Twelve dead after strep outbreak in Essex

Invasive Group A Strepococcus (iGAS) has reportedly caused the death of 12 people in Essex, with ano

Invasive Group A Strepococcus (iGAS) has reportedly caused the death of 12 people in Essex, with another 20 cases reported in the county Picture: GETTY IMAGES - Credit: Getty Images/iStockphoto

Twelve people have died of a rare bacterial infection that has spread in Essex.

In total there are 32 reported cases of invasive Group A streptococcus (iGAS), commonly known as strep, according to the NHS Mid Essex Clinical Commissioning Group (CCG).

It said the outbreak started in Braintree and has since spread to the Chelmsford and Maldon areas. The CCG has not yet said when the first case was reported.

Streptococcal infections are usually unpleasant but not life-threatening.

They typically cause illnesses like tonsillitis or scarlet fever - but this invasive infection can cause pneumonia, sepsis or a 'flesh-eating' condition called necrotising fasciitis.

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Rachel Hearn, director of nursing and quality at the CCG, said: "Our thoughts are with the families of those patients who have died.

"The NHS in Essex is working closely with Public Health England and other partners to manage this local incident, and extra infection control measures have been put in place to prevent the infection spreading in the area.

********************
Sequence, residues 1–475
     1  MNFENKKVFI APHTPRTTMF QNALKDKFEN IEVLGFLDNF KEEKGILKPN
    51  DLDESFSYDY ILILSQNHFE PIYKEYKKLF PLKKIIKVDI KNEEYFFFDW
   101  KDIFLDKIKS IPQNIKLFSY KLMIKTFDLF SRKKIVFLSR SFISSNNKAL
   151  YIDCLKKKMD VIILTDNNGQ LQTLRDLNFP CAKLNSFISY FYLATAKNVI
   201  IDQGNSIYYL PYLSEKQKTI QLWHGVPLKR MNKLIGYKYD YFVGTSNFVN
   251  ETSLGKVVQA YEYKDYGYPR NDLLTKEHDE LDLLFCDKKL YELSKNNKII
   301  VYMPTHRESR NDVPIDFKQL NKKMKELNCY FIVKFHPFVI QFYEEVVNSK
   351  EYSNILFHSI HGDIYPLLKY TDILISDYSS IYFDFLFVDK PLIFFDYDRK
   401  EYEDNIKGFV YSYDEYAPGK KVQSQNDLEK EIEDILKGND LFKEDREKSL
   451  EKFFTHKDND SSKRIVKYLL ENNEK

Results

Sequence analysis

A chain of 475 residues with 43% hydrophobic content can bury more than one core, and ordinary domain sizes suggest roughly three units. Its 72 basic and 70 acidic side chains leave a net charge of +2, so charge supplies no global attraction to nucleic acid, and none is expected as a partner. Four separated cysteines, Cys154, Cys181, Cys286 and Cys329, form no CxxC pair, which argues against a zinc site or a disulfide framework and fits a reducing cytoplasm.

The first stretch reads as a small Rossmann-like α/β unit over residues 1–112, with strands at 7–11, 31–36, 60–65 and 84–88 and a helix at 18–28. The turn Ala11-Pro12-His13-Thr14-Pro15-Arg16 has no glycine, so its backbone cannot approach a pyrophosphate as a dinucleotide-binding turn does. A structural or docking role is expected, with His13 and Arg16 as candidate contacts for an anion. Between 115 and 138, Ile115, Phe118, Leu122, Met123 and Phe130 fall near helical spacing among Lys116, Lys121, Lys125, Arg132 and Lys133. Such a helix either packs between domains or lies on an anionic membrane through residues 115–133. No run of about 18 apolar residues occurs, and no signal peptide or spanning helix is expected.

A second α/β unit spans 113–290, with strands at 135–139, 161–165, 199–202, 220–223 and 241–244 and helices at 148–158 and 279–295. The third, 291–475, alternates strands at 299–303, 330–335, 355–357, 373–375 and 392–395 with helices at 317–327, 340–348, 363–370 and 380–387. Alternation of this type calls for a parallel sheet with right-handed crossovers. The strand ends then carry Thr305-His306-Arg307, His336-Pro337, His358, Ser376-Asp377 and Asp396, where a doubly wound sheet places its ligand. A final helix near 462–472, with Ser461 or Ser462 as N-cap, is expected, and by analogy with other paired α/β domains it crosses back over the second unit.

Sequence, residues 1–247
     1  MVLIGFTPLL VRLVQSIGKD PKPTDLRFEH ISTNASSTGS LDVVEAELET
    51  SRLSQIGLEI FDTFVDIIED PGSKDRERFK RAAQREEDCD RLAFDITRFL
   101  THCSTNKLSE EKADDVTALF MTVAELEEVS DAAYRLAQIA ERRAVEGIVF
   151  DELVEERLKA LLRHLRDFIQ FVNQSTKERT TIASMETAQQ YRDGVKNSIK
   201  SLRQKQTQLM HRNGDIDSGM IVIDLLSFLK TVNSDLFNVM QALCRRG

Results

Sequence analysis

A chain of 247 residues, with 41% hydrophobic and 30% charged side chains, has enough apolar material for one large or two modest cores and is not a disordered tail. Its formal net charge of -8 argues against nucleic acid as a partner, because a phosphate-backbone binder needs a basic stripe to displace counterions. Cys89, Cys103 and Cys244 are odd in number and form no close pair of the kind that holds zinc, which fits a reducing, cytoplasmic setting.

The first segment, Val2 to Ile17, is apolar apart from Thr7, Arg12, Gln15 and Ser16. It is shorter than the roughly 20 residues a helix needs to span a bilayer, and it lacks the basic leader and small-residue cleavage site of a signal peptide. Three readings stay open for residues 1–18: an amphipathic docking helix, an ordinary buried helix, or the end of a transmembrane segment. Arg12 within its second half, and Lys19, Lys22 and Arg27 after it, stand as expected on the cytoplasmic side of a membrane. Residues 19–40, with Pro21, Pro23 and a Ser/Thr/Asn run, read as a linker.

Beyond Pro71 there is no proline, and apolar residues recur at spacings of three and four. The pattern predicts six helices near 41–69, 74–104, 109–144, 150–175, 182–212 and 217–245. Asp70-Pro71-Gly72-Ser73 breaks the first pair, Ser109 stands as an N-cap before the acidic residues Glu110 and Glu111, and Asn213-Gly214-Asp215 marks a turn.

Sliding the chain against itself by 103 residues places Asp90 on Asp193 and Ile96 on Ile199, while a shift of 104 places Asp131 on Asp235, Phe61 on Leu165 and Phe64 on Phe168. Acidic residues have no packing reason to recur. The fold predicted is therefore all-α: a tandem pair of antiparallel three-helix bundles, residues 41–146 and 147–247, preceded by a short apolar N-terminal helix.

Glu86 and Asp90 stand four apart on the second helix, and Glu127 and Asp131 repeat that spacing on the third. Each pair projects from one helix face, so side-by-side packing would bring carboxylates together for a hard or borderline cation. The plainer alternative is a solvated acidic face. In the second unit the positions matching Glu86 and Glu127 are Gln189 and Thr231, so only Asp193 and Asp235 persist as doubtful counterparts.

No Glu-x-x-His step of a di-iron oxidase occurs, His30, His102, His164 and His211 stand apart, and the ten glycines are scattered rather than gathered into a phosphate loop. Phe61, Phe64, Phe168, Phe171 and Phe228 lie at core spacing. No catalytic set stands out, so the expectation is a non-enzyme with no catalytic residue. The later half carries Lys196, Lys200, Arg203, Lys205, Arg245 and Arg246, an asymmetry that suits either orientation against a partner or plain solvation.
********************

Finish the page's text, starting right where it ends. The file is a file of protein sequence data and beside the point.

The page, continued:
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"The risk of contracting iGAS is very low for the vast majority of people and treatment with antibiotics is very effective if started early.

"We will continue to work with our partners in Public Health England to investigate how this outbreak occurred and take every possible step to ensure our local community is protected."

The streptococcal bacteria can be found in the throat and on the skin and people may carry it without displaying any symptoms.

It can live in throats and on hands for long enough to allow easy spread between people through sneezing, kissing and skin contact.

Minor strep A infections can be treated with antibiotics.

However the NHS recommends seeing your GP if you have persistent or severe symptoms.

In a report, the clinical commissioning group said the "sometimes life-threatening iGAS disease may occur when bacteria get into parts of the body where bacteria usually are not found, such as the blood, muscle, or the lungs".

It said that "most of the patients affected are elderly and had been receiving care for chronic wounds, in the community, either in their own homes and some in care homes".

An incident management team has been established to "control the incident and closely monitor the situation".

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